- Whether and when a detainee can sever his relationship with enemy forces such that his detention is no longer a legal option. If a detainee once joined Al Qaeda, does he always count as Al Qaeda for legal purposes? Can he leave the group after some period of membership or association and thus no longer qualify for detention? Can he break with the group after capture by cooperating with authorities and thereby qualify no longer for continued detention? If a detainee can sever his relationship to the enemy, who has the burden of showing that he either did or didn’t do so? Does the detainee have to prove vitiation of the relationship or does the government have to prove its ongoing vitality?
- What presumptions the courts should make regarding government evidence. Should the rough and tumble of warfare make them more forgiving or more skeptical of evidence whose provenance may be inexact? Should they grant either a presumption of authenticity or a presumption of accuracy to government evidence?
- How to handle hearsay evidence that courts in normal cases would eschew. How should the courts handle intelligence reports whose sources the government may not identify? How should they handle statements by a detainee’s fellow prisoners in interrogations years ago when these witnesses may have long since left Guantánamo? And how should they handle interrogation statements by the detainees themselves?
- How to handle detainee or witness statements alleged to have been extracted involuntarily or through abuse. Who bears the burden of proving that a statement either was or was not given voluntarily? What level of coercion suffices to render a statement unusable in these proceedings? And where coercion has taken place, how long does the taint of it last and under what circumstances does it lift?
The judges have struggled with other foundational questions as well, questions on which they have either found common ground or in which their disagreements remain latent: Who bears the burden of proof in these cases and by what standard of evidence? How should the courts treat “mosaics” of relatively weak data—mosaics which routinely inform intelligence analysis but are quite alien to federal court proceedings? And to what extent, if any, does the showing required of the government escalate over time?
So fundamentally do the judges disagree on the basic design elements of American detention law that their differences are almost certainly affecting the bottom-line outcomes in at least some instances. That is, some detainees freed by certain district judges would likely have had the lawfulness of their detentions affirmed had other judges—who have articulated different standards—heard their cases. And some detainees whose incarceration these other judges have approved would likely have had habeas writs granted had the first group of judges heard their cases.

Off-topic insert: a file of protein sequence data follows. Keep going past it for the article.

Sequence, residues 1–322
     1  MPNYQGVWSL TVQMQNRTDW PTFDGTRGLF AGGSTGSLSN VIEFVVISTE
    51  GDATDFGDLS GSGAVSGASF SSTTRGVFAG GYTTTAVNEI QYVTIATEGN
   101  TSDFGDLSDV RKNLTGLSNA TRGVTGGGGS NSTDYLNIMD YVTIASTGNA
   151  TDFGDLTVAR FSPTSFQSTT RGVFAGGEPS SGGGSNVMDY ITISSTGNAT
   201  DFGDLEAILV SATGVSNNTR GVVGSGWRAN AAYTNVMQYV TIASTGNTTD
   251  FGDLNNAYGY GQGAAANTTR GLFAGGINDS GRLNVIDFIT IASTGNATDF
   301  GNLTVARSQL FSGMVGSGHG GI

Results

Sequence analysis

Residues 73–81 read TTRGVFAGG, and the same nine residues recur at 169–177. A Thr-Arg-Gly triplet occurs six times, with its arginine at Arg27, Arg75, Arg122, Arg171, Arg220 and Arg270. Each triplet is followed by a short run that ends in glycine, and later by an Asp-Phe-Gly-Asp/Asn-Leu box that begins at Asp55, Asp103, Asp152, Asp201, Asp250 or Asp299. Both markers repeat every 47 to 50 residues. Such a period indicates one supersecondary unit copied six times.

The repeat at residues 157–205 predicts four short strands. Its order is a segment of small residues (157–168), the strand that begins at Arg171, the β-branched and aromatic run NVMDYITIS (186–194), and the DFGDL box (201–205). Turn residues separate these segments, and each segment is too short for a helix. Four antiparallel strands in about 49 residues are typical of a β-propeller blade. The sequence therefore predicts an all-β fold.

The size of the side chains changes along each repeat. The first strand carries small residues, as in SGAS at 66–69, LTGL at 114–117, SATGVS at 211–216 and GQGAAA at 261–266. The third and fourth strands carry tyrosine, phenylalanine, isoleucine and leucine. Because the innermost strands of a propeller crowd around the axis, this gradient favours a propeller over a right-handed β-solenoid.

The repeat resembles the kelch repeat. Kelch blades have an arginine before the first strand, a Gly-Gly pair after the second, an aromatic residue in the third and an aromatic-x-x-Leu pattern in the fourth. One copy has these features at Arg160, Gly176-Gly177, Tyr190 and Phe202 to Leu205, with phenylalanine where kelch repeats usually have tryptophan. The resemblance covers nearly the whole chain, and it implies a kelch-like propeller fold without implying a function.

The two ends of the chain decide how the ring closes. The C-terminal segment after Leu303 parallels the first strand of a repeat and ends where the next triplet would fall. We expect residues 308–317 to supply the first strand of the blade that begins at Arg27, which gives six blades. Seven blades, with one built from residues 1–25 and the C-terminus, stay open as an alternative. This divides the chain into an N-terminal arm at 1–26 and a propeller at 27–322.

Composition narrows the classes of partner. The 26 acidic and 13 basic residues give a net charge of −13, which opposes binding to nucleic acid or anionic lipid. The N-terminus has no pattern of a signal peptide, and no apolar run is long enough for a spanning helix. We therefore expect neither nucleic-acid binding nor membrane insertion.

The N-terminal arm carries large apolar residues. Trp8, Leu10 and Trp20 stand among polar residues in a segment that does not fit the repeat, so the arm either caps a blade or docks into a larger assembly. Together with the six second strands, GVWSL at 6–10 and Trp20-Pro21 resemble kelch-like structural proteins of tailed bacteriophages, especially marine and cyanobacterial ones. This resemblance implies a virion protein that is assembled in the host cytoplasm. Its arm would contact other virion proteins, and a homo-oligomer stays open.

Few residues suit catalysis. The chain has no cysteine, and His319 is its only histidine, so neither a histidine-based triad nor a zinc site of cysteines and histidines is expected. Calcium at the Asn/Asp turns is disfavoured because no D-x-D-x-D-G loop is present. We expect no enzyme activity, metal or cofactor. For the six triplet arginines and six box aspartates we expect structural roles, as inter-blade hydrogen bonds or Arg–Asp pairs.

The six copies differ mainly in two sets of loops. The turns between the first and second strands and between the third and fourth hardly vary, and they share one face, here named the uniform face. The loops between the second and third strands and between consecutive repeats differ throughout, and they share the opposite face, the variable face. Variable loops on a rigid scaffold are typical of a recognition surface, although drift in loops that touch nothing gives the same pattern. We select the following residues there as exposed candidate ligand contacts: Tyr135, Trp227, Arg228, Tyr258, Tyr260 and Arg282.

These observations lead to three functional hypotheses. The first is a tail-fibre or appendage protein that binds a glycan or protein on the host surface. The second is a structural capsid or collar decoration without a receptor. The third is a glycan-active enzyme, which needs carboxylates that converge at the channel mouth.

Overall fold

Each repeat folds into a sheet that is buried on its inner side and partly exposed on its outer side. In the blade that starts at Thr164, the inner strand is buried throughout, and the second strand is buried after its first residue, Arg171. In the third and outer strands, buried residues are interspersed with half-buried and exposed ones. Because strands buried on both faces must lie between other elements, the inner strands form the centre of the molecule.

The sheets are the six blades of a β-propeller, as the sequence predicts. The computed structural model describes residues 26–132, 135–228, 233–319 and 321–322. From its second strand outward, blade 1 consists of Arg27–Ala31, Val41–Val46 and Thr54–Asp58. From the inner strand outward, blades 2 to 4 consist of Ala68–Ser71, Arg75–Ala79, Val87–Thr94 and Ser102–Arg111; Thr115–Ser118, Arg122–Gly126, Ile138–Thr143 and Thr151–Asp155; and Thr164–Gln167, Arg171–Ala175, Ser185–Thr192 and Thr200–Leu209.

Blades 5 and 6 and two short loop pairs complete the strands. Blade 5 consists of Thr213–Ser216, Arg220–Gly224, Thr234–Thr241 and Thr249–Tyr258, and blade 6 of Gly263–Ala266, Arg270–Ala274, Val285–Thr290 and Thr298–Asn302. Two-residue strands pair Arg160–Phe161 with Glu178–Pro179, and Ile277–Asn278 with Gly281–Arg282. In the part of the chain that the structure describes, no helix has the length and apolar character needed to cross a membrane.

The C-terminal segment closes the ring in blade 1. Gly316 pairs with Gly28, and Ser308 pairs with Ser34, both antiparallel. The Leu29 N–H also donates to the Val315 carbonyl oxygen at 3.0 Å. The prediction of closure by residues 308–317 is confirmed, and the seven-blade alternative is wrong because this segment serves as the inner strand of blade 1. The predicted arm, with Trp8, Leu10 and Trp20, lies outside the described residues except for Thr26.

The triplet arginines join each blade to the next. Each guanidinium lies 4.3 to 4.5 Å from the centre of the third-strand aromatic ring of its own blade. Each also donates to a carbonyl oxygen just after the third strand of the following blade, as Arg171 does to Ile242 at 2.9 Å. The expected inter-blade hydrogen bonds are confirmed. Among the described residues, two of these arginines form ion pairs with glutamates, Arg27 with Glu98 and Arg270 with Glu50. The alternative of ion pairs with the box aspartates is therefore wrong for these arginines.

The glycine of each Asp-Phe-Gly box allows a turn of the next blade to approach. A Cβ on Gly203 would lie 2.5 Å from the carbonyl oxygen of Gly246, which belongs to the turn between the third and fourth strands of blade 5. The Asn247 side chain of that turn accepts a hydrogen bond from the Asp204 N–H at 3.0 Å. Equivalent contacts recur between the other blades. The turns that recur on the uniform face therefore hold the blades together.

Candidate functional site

The current degree of disagreement among the judges may be reduced over time, as several of the cases are currently on appeal to the U.S. Court of Appeals for the D.C. Circuit and could easily head from there to the Supreme Court. These appeals should collectively go a long way towards narrowing the range of possible answers to the questions with which the lower court judges are now struggling. Or at least they may do so eventually. For the moment, the appeals are in various stages of development, with only one decided so far.
In the meantime, the lack of clarity regarding such important matters as the scope of the government’s detention power and the circumstances in which an interrogation statement can be used to justify a detention presents problems from the perspectives of both the detainees and the government. Neither can be sure of the rules of the road in the ongoing litigation, and the prospect that allocation of a case to a particular judge may prove dispositive on the merits can cut in either direction. Because it remains unclear how far the courts’ jurisdiction extends, moreover, nobody knows at this stage precisely how many cases these rules will ultimately govern and where else in the world they will have a direct impact. More fundamentally, because the courts in these cases are defining not merely the rules for habeas review but also the substantive law of detention itself, they have implications far beyond the litigation context. The rules the judges craft could have profound implications for decisions in the field concerning whether to initially detain, or even target, a given person, whether to maintain a detention after an initial screening, whether to employ certain lawful but coercive interrogation methods, and so forth.